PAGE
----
But the technology to electrify low- and medium-heat applications, using equipment such as heat pumps, e-boilers and electrified compressors, is available today, according to the DOE report. Electrification of these processes with renewables could account for approximately 25 percent emissions reduction for the industry by 2050, but it would require long-duration energy storage or thermal energy storage to help deliver firm power for the 24/7 operational demands of chemical and refining facilities.

The sheer volume of clean firm power needed to electrify these processes is bound to become a limiting factor. Up to 180 terawatt-hours of clean firm power would be required by 2030 to support the electrification of the chemicals and refining industries, as per the report — for context, the U.S. used 4,050 terawatt-hours of total electricity in 2022.

The second major carbon offender in this sector, steam methane reformation, subjects methane to high-temperature, high-pressure steam and produces hydrogen, along with a concentrated stream of carbon dioxide. The presumed solution is using green” hydrogen made with renewable or nuclear energy as a drop-in replacement feedstock instead of hydrogen produced with fossil gas. But for now, clean hydrogen is found mostly in PowerPoint presentations. Almost all of the hydrogen used today for ammonia production and oil refining is made with fossil gas using the steam methane reformation (SMR) process.

Billions in tax incentives from the Inflation Reduction Act could help shift steam methane reformers to clean hydrogen, which can also be directly combusted in existing equipment or converted to electricity by a fuel cell. (Whether these incentives will actually lead to lower emissions is a question mark at the moment, as the government has yet to finalize guidance on what constitutes genuinely clean” hydrogen. More on that here.)

Refineries switching hydrogen production from SMR to electrolyzers could abate millions of tons of CO2 by 2030, but just like electrifying the cracking process, that would require significant new clean electricity infrastructure.

Working out how to cost-effectively electrify crackers with renewable energy and scaling up truly clean hydrogen production are the two most impactful ways to decarbonize chemicals and refining. But the DOE points out a handful of other approaches as well.

Implementing energy-efficiency and operational upgrades at facilities can simply lower their demand for dirty energy. Carbon capture and storage technology installed on concentrated high-purity streams of CO2 at fossil gas processors can mitigate hard-to-abate emissions by capturing CO2 and storing it long-term; the historically dubious economics of CCS are vastly improved by incentives in the Inflation Reduction Act. Using lower-carbon feedstocks such as industrial/​consumer waste products, including plastics, biochemicals and biofuels, to replace fossil fuels for heat sources and materials could reduce emissions in the chemicals and refining industry.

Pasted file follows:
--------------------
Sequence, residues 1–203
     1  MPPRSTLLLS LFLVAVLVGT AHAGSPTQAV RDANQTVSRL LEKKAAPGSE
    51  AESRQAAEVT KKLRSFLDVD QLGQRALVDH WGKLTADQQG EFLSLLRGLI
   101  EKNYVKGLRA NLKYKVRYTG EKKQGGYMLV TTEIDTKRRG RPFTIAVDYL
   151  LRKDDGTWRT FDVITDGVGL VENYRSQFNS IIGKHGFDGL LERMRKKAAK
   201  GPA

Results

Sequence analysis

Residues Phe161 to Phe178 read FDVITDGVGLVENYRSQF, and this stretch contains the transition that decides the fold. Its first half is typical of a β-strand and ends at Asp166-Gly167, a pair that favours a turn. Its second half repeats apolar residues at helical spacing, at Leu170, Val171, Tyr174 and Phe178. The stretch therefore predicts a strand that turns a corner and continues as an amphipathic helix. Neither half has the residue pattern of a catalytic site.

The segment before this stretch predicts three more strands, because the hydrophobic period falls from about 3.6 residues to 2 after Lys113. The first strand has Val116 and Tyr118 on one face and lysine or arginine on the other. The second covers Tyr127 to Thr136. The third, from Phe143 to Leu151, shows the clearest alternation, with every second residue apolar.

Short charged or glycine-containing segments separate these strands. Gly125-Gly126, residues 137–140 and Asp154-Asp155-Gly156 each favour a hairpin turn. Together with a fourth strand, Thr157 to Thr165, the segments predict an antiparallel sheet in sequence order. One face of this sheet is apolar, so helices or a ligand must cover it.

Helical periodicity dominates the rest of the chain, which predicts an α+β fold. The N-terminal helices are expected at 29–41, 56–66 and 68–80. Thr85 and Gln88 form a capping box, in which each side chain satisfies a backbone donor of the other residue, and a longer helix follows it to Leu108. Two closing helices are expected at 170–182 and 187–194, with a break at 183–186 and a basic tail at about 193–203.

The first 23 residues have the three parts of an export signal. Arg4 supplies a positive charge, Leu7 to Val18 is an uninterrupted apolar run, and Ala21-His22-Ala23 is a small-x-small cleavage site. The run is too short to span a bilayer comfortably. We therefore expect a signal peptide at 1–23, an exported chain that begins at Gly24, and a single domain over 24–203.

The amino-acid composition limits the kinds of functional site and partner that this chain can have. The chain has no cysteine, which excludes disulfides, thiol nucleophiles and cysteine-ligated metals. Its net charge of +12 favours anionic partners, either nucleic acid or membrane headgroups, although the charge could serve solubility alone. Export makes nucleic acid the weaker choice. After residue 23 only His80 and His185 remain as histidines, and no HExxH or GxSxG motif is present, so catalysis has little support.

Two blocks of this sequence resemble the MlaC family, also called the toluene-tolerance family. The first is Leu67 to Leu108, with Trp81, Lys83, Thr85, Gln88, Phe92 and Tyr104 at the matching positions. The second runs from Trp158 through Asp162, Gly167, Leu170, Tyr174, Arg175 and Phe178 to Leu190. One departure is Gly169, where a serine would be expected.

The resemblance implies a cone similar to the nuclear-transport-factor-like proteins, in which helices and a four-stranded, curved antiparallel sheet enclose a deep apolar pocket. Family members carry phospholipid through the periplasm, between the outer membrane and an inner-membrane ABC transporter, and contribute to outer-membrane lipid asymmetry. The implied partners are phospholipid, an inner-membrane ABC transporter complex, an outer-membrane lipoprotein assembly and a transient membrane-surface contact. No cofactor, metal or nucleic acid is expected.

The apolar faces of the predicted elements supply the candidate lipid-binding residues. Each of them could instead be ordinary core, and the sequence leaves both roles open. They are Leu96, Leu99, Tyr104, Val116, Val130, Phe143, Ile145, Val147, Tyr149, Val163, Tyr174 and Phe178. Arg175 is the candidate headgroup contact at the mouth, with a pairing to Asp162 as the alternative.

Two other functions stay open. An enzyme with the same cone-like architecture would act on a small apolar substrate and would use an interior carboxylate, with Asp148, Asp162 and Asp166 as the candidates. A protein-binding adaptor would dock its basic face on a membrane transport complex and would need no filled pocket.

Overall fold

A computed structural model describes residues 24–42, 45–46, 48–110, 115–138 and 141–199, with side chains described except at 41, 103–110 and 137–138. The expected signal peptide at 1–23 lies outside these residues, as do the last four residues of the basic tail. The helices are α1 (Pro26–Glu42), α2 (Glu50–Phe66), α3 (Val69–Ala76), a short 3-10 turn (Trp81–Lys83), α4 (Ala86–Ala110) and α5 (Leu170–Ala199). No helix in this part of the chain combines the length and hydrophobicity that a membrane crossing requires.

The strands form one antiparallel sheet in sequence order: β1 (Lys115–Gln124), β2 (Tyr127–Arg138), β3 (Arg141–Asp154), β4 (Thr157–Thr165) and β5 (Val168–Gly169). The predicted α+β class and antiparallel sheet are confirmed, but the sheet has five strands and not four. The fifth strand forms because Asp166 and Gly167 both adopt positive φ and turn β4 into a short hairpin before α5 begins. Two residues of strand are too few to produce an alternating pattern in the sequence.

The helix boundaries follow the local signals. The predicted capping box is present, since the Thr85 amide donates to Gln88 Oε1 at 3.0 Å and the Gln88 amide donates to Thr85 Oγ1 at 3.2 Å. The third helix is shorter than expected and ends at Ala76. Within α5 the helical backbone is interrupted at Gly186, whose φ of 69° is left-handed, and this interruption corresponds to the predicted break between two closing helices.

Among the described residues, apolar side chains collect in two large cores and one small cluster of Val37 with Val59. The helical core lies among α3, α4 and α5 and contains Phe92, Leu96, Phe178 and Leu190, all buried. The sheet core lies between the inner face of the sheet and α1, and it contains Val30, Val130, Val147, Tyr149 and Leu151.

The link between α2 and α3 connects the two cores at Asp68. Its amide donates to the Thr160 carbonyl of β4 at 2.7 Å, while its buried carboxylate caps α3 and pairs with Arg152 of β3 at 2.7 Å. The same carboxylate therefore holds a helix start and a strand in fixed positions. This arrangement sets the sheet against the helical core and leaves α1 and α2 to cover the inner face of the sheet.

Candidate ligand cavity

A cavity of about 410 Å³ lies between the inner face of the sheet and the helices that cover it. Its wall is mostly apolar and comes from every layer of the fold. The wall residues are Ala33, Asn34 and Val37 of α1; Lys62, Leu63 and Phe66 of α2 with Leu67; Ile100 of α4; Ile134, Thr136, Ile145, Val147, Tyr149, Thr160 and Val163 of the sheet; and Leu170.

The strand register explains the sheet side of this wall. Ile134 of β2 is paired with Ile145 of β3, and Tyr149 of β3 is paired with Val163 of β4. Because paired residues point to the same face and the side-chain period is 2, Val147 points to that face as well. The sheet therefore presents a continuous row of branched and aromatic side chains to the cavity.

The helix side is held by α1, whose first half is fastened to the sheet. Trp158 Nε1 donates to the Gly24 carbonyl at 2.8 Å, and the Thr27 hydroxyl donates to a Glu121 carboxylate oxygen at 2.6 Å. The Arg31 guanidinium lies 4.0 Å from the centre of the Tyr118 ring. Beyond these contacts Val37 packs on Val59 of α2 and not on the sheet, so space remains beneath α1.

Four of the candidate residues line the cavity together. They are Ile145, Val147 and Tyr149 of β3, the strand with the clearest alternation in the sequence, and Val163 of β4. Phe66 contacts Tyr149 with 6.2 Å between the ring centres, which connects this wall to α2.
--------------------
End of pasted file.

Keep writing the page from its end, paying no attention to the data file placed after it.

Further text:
This industry could lower its emissions by about 20 percent through the mid-2030s without further government support” by applying a mix of these solutions, according to the DOE report.

Innovation will shine through

It’s been almost 200 years since the first oil well was successfully drilled, setting the stage for refined petroleum fuel and byproducts to fill our lives with both technological wonders and ecological tumult. Confronting the carbon content of this deeply embedded and integral industry is going to require a concentrated effort by private, public and consumer forces — and the stakes couldn’t be higher. DOE points out in its report that reducing emissions in the chemicals and refining sectors is critical to bolstering American competitiveness, retaining the ability to sell in global markets, and achieving U.S. emission reduction targets in the decades to come.”

It’s still early days for decarbonization in the chemicals and refinery world. Most firms are currently focused on efficiency measures and circular economies, with a few instances of market pioneers investing in decarbonization pilots such as electric crackers.

Many large chemical companies have made good-faith decarbonization commitments, but absent a regulatory mandate, these firms are more responsive to market forces like incentives, price premiums and consumer preferences than carbon accounting.

And though the DOE report focuses mostly on the carbon impact of the chemicals production and refining processes, these are not even the most carbon-intensive part of the industry’s value chain. That distinction goes to end-market use — largely from the burning of fossil fuels. On the other end of the chain, upstream extraction, transport and storage are notorious leakers of methane, a gas more climatically threatening than CO2.

In other words, the more we decrease reliance on fossil fuels, the easier it will be to cut the carbon footprint of chemicals and refining, too. 

RMI’s Payer foresees economic solutions developing rapidly over the years and decades to come, boosting the market incentives for companies to decarbonize.

What I think gets missed here is people just constantly miss the pace of technological change and innovation. We completely whiffed on solar and wind. It’s expensive, it’s more expensive, more expensive, more expensive, and then all of a sudden it’s a market winner.” He thinks it’s likely that technology breakthroughs will follow a similarly surprising trajectory in the chemicals and refining space.

These are the types of manufacturing processes that can benefit from learning curves and economies of scale. Innovations in the heavy-process industries happen at a different pace and different scale than software. It may look slow relative to the product cycle of your iPhone — but innovations will come through.”

Eric Wesoff is the editorial director at Canary Media.